'Mermaid's necklaces' wash up on shores at Outer Banks

'Tis the season for "mermaid's necklaces," according to Cape Hatteras National Seashore officials. 

The long casings that come from whelks--a type of sea snail--wash up on the shores of beaches on the coast of the Atlantic from Massachusettes to Florida, according to the Smithsonian Marine Station.

The whelk's reproductive season begins in March and lasts through September. Female whelks will lay a string of eggs in deep water twice a year. Babies hatch anywhere from three to 13 months after that.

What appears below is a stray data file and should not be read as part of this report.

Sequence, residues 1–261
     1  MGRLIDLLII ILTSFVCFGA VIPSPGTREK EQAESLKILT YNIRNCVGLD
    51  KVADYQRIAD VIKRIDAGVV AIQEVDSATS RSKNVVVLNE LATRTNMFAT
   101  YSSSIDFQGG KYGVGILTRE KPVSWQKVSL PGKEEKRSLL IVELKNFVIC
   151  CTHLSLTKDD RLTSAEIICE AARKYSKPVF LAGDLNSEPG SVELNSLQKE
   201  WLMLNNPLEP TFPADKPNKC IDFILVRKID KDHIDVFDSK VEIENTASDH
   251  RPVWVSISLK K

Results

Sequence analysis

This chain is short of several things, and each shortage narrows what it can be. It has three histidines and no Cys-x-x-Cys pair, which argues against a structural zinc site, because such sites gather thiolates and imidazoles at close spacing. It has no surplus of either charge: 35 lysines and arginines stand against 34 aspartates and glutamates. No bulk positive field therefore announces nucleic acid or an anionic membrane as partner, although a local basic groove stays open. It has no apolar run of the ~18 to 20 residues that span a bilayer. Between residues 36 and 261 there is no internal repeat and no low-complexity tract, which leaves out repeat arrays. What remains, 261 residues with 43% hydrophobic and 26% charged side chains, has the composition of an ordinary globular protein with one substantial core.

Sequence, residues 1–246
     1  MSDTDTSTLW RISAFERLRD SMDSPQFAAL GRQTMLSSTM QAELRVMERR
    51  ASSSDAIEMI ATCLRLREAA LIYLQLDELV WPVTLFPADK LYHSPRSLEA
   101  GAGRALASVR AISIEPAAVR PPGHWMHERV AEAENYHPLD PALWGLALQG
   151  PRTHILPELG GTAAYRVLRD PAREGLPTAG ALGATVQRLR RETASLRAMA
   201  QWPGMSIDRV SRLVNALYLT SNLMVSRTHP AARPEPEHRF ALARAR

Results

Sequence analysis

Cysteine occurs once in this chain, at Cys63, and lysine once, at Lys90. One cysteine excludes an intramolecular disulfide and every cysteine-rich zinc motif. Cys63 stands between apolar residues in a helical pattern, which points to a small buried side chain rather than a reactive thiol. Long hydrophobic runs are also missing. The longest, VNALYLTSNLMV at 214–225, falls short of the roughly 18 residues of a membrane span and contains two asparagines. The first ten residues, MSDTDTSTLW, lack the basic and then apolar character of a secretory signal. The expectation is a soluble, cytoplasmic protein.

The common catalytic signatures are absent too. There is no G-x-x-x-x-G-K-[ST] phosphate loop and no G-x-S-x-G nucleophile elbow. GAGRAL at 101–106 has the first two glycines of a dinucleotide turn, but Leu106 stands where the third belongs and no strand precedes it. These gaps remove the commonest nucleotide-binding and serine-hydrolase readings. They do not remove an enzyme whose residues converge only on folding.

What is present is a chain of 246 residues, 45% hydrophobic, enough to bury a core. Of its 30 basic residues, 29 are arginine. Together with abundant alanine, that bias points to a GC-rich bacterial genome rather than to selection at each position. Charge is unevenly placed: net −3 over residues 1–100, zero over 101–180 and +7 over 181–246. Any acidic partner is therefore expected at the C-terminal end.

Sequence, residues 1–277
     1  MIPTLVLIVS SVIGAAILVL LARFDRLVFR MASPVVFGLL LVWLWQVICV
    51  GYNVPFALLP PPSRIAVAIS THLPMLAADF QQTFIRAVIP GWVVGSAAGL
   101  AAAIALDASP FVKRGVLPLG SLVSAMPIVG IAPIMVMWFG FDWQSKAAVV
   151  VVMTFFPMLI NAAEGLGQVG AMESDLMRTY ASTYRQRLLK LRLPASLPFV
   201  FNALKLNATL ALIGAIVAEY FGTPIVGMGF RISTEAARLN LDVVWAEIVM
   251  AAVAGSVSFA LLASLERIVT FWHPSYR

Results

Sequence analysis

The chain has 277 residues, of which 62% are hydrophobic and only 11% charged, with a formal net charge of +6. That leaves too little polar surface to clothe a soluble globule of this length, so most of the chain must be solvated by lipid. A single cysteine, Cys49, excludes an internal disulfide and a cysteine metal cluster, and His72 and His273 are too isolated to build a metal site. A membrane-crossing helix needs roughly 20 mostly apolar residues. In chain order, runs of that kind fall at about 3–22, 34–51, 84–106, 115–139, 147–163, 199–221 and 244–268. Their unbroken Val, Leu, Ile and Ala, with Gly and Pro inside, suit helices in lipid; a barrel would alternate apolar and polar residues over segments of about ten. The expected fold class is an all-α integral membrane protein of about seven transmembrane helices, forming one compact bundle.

According to the Cape Hatteras National Seashore officials, the whelk egg casing, which some people also call "fisherman's soap," can house 20 to 100 eggs in a pouch, and a string usually consists of up to 40 pouches. On average, the casings are about three feet long.

So look down if you're walking along the beach this Fall. You never know what you might find!